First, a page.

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Thanks to legal action by Mark Avery, and more than 100 people who objected to Walshaw Moor Estate’s planning application, Natural England has produced a new Habitats Regulations Assessment of the Walshaw Moor Estate’s proposed track across blanket bog. 

On the basis of this new Habitats Regulations Assessment – which concludes that the track would cause permanent loss and damage to protected habitat, as well as negatively affecting protected birds –  Natural England have written to Calderdale and Pendle local planning authorities objecting to the proposal to build a track across Walshaw Moor.

Despite the Estate’s claims that the proposed track was to enable fire engines to quickly reach the site of possible fires, it is intended for the convenience of grouse shooters.

You can read more about this on Mark Avery’s blog here.

Now it’s up to Calderdale and Pendle Councils’ planning committees to say no to Walshaw Moor Estate’s planning application. Continue reading

11th August rally to ban grouse shooting, St George’s Sq, #HebdenBridge 11.30am

The moors above Hebden Bridge are some of Yorkshire’s most iconic beauty spots – and also a vital source of biodiversity, a huge natural carbon sink and a natural means of slowing the flow of pluvial flooding into the Upper Calder Valley – if not mismanaged for grouse shooting.

Yorkshire Water has put them in jeopardy. The company lets out uplands to grouse shooters who decimate the wildlife for sport by trap and gun. Not only this – large sections of heather are deliberately burnt to increase game bird numbers, destroying blanket bog and contributing to flooding in the valley and other sections of the county. By leasing out land for grouse shooting, Yorkshire Water is damaging wildlife, habitat, visitor experiences and the regional economy.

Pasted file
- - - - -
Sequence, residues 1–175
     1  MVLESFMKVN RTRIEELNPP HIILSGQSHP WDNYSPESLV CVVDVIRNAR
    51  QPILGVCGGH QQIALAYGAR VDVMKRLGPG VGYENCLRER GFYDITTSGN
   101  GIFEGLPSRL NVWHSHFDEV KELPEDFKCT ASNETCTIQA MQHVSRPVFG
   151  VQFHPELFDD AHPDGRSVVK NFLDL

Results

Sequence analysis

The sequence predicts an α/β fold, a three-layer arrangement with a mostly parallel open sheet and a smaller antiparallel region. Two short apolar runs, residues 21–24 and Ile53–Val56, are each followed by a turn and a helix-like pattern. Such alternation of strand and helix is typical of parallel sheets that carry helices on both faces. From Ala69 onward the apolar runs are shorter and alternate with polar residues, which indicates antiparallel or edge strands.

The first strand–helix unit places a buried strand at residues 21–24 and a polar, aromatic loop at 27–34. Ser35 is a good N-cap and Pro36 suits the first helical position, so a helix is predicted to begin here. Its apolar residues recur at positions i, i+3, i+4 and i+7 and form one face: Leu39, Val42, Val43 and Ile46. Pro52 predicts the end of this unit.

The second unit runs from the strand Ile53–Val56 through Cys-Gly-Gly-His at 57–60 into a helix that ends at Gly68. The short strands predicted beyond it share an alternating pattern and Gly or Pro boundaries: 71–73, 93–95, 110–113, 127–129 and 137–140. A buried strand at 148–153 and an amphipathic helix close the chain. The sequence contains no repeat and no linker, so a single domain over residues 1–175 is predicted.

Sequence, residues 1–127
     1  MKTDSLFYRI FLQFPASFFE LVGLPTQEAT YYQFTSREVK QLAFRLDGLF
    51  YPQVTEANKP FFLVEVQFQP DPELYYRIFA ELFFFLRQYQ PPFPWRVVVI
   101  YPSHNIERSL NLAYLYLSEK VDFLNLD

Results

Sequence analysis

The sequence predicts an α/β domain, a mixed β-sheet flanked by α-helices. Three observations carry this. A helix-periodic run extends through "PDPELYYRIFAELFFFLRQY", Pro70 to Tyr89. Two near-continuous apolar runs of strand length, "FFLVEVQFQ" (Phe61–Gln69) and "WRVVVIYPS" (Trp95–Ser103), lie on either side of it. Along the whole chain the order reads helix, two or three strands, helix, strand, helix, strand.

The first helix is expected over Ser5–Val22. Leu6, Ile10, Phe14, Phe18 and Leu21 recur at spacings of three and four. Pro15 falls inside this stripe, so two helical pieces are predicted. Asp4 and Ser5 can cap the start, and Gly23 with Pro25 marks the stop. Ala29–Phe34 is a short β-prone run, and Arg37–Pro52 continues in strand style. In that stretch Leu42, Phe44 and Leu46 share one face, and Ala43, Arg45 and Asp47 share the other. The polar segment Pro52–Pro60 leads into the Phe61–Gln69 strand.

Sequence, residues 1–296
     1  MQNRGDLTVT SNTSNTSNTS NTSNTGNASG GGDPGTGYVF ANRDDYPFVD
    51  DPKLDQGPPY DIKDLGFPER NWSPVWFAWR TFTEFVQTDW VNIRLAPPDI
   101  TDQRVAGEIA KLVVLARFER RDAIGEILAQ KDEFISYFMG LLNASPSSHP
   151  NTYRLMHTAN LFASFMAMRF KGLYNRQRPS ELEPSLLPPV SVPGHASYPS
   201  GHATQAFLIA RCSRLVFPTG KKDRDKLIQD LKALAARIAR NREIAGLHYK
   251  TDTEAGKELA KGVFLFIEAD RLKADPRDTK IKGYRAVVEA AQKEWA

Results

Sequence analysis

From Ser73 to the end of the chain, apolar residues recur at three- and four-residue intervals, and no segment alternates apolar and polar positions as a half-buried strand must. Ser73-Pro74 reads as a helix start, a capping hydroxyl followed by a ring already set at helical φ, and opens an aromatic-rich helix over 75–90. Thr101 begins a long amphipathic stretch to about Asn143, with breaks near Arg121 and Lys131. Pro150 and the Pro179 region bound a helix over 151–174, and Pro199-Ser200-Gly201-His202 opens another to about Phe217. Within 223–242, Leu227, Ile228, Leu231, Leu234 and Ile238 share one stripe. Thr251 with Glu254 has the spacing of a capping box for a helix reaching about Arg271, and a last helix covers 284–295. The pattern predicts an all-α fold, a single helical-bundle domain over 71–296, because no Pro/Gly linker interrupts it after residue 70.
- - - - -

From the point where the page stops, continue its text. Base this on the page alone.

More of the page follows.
What shall we do? Saturday 11 August is the day before the start of the grouse shooting season. We will hold a respectful protest in Hebden Bridge’s Town Square to urge Yorkshire Water to stop leasing land above the town for grouse shooting. Continue reading

Posted from here.

Tuesday 3rd April deadline for comments on Walshaw Moor Estate’s planning application for 5km stone track across protected moor

Here is the link to the planning application 18/00237/FUL| Formation of new stone and timber access tracks to connect to existing stone tracks, including passing places and turning circle | Land At Coordinates 396528 435776 Widdop Road Heptonstall Hebden Bridge Calderdale, on the Calderdale Council Planning Portal.

Since the track also goes into the Pendle Council area, the planning application is also being considered by Pendle Council, you can comment here – the planning application number is 18/0143/FUL.

You’ll need to log in to each planning portal to comment.

Summary of key points for objections to the planning application Continue reading

Walshaw Moor Estate resumes burning – despite flood risk to Hebden Bridge

As is by now widely known, Walshaw Moor Estate’s annual burning on the protected “Natura 2000” uplands creates an increased risk of flooding in Calder Valley towns.

This is responsible for around 2.5-5% of the peak flow in Hebden Bridge during floods – roughly the difference between over-topping flood barriers in shop and home doorways, and staying below that level. Continue reading

Posted from here.